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Dublin: 8°C Saturday 16 January 2021
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Property tax will account for flooding risk in coastal homes

The head of the Revenue Commissioners says the first letters will go out to households on the week of March 11.

Image: Loozrboy via Flickr

HOUSES ON low-lying coastlines or close to rivers which have an experience of flood difficulty will have their home’s history taken into account when being charged the property tax.

The Revenue Commissioners, who will operate the scheme, said homes which had difficulty getting insurance because of their recent vulnerability to flooding – which has reduced the value of their home – would have that reflected in the amount they were asked to pay.

Revenue chairperson Josephine Feehily told the Dáil’s Public Accounts Committee yesterday that the self-assessed tax would allow homes with a particular vulnerability to climate conditions to lower (or raise) the value of their homes accordingly.

The clarification is now to be added to the Frequently Asked Questions on the tax available on the Revenue website.

The first forms asking householders to declare the estimated value of their homes are to be sent on the week beginning March 11.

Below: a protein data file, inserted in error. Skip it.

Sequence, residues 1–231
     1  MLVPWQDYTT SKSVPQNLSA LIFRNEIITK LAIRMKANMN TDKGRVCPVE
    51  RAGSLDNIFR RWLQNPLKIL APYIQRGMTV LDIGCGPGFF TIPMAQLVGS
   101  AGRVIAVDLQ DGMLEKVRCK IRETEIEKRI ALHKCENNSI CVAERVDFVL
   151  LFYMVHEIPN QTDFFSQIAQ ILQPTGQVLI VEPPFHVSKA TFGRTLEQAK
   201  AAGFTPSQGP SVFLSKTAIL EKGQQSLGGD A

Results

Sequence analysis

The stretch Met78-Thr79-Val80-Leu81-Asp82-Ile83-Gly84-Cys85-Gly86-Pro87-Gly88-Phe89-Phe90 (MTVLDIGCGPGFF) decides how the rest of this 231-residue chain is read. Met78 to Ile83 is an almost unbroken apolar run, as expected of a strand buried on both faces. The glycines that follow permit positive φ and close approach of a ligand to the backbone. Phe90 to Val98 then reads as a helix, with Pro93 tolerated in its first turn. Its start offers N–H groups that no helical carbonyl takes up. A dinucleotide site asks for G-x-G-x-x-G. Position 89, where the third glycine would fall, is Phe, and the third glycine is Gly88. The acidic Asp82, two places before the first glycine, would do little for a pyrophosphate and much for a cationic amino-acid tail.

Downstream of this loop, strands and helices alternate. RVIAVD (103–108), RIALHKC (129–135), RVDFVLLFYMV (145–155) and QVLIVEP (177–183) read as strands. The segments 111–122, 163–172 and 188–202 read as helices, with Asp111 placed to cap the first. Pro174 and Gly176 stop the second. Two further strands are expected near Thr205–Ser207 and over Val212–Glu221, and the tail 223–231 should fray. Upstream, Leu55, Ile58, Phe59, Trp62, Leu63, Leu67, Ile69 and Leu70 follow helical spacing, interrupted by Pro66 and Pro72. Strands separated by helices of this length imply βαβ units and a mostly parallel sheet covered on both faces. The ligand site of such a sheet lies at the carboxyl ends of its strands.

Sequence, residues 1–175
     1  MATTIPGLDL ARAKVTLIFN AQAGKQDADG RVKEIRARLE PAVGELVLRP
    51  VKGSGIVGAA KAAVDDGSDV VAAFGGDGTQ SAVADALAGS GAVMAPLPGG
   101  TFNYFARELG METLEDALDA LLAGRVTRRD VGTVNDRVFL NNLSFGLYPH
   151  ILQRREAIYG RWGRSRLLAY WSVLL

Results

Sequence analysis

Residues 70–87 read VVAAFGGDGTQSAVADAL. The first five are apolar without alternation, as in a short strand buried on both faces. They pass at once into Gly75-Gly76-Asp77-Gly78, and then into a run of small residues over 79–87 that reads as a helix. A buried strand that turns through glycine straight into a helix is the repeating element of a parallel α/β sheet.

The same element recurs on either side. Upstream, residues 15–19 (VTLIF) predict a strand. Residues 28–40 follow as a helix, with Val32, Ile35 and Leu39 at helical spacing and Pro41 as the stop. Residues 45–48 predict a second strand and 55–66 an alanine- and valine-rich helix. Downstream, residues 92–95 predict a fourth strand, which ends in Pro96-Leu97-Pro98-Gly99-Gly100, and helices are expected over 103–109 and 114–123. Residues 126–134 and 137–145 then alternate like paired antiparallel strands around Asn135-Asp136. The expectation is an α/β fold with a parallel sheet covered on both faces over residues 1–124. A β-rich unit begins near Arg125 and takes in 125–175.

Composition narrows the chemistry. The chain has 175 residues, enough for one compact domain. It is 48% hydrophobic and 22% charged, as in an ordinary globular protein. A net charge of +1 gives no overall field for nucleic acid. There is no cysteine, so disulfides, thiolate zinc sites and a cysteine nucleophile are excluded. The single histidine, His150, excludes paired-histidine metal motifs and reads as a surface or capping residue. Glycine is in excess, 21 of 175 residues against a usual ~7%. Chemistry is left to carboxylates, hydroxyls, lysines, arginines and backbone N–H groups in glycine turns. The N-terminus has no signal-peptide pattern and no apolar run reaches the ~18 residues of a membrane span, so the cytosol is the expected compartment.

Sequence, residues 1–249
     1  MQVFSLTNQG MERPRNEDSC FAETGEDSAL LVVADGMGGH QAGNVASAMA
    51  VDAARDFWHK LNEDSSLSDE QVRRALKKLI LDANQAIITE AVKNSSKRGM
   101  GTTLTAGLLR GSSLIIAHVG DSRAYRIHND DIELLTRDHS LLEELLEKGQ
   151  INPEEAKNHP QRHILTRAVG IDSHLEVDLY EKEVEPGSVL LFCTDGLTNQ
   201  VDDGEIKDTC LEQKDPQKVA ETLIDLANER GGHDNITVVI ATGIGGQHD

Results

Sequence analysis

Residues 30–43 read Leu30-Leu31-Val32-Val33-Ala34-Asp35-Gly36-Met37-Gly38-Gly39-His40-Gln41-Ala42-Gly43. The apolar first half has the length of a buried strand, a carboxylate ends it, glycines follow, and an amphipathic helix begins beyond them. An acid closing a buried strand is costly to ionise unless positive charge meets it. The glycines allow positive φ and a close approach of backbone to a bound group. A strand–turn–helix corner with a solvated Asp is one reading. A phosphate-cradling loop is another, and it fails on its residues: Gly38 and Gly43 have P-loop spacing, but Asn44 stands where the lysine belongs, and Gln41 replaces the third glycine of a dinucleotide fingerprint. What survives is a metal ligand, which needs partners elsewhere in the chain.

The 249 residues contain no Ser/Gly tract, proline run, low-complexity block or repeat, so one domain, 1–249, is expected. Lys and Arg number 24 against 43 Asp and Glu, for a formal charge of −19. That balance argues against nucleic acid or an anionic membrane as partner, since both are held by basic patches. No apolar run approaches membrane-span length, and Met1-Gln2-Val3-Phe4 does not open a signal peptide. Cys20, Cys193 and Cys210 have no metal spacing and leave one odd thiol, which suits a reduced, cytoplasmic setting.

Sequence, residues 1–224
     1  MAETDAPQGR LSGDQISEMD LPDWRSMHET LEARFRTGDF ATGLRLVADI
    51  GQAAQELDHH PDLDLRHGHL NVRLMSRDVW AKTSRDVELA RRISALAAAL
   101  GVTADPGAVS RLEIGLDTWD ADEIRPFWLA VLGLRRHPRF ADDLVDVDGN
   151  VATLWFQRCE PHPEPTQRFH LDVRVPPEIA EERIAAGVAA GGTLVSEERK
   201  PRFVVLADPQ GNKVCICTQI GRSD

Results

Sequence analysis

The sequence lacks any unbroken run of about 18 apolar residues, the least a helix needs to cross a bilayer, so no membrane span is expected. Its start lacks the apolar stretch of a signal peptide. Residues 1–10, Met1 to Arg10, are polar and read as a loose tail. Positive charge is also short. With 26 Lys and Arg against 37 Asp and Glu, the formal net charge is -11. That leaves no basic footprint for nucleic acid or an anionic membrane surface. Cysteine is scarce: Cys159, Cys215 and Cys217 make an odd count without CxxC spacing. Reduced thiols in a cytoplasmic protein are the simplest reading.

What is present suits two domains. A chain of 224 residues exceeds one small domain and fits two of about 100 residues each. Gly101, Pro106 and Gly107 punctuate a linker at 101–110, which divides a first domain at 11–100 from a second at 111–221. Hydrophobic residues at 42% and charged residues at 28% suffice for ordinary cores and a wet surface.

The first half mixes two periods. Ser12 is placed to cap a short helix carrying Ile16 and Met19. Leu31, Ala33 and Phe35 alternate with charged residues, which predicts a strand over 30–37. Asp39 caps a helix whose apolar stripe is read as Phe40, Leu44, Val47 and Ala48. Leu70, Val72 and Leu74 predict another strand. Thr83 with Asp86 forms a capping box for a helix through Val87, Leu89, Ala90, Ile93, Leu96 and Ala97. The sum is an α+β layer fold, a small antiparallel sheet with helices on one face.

The forms asked homeowners to estimate the value of their home, and also to claim a deferral for paying the tax if they are eligible to do so – such as if they are the executor of an estate or the home is in the process of being sold.

In cases where homeowners do not submit an estimate, Revenue’s own estimate – which is less likely to take account of factors such as a flood risk – will be the default valuation on which the tax will be deducted.

Revenue is making arrangements to allow the tax to be paid in lump sums or to be deducted from PAYE income and social welfare payments were appropriate.

Read: Here is what the new Local Property Tax form will look like

About the author:

Gavan Reilly

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